Research Digest: CORC data in young people’s mental health improvement goals

Horses for Courses: A qualitative exploration of goals formulated in mental health settings by young people, parents, and clinicians

Jenna Jacob, Julian Edbrooke-Childs, Simone Holley, Duncan Law, Miranda Wolpert
Published in: 
Clinical Child Psychology and Psychiatry (March 2015)

This paper compared goals formed from different viewpoints in child and young people’s mental health settings. Goals which young people set for themselves differ from those set by their parents or health workers and differ again from goals which are set jointly between young people and their parents, or professionals.

Child mental health is unique because family members are often involved in treatment, adding to the already challenging concept of measuring the impact of child mental health services.

The authors grouped the reported goals into different themes and subthemes (e.g. ‘self-confidence and understanding,’ ‘talking and listening’) to make comparisons between the groups. Goals from all viewpoints were wide-ranging and covered different aspects of mental health and wellbeing.

Key differences which came up: young people focused on coping with specific difficulties whereas parents focused on managing specific difficulties. Young people’s goals related to more personal aspects of care, with a focus on inward thoughts and feelings. Parent goals focused more on ways to help improve the young person’s behaviour and goals they wanted to set for themselves as parents/people. Jointly-agreed goals were mainly related to outward facing difficulties; for example, behaviour management and improving things at school.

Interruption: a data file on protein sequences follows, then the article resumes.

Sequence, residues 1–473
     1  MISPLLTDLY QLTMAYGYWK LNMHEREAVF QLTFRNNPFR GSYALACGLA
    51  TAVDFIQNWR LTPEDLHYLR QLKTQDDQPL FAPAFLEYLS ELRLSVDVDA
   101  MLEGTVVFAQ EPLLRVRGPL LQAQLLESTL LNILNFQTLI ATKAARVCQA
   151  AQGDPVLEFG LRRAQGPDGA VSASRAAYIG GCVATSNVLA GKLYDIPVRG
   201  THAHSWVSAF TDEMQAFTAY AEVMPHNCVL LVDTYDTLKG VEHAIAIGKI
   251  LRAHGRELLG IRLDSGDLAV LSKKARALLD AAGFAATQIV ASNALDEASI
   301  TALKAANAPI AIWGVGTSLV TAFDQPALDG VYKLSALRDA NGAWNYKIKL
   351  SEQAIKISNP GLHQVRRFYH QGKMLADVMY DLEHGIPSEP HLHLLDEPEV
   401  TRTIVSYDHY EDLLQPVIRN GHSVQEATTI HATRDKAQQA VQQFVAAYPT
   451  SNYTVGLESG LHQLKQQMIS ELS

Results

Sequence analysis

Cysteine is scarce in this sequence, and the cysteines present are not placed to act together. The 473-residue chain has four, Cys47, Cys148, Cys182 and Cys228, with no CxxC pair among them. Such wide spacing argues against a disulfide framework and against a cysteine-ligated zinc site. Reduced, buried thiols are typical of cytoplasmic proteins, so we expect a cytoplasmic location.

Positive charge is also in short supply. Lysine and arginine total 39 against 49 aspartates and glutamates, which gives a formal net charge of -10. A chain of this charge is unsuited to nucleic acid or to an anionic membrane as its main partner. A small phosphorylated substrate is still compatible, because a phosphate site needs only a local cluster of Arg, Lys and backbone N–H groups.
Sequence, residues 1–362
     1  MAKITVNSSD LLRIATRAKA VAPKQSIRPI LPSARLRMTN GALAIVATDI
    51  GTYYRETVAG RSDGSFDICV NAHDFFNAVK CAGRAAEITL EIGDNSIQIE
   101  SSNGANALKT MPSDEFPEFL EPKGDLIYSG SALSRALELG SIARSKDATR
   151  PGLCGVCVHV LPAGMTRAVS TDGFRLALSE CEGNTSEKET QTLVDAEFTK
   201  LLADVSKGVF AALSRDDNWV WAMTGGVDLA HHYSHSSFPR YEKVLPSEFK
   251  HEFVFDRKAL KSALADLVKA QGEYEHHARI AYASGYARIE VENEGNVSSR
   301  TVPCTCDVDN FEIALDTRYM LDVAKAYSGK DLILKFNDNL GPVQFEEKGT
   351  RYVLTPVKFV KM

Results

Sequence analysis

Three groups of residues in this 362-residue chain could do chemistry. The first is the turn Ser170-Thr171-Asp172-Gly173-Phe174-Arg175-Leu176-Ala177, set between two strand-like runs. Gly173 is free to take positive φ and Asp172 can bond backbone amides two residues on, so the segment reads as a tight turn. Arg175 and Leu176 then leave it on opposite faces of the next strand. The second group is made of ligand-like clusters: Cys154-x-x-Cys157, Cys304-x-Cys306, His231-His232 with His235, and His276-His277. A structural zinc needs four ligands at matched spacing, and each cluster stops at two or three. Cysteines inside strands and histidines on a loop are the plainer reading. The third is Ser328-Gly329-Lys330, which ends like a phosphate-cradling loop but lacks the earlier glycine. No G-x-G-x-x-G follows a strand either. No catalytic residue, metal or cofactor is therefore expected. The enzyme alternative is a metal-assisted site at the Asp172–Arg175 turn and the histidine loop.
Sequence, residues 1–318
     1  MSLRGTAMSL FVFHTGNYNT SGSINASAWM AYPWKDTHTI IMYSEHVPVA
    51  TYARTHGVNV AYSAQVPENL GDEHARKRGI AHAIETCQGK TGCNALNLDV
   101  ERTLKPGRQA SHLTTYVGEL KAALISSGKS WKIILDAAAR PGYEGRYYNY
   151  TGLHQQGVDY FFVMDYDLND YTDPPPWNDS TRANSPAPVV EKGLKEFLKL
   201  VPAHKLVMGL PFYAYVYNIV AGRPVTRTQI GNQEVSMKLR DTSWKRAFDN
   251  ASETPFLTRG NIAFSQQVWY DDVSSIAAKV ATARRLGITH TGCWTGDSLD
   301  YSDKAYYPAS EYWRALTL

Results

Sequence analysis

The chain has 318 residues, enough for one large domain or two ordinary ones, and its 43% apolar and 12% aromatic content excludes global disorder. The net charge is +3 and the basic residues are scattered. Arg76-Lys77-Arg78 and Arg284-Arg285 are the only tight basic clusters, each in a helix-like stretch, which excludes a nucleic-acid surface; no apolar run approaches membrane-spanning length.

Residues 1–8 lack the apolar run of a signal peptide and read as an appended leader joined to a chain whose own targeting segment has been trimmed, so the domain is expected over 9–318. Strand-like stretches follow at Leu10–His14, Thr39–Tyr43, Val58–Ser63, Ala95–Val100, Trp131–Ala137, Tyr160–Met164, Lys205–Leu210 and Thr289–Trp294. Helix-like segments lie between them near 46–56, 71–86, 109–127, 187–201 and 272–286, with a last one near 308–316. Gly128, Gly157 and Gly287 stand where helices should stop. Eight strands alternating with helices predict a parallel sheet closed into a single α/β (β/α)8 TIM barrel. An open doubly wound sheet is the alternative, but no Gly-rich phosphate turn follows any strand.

Exploring the types of goals set showed that tracking goal progress may offer a view into areas that are not covered by other tools; particularly for topics like coping, resilience and confidence.

The comparison of types of goals from different viewpoints highlights the importance of making sure that the voice of the young person is heard and included in goal setting, particularly for collaborative goals. Recovery means different things to different people and goal setting and tracking provides the opportunity for the child to make clear what they want to focus on, based on what recovery looks like for them

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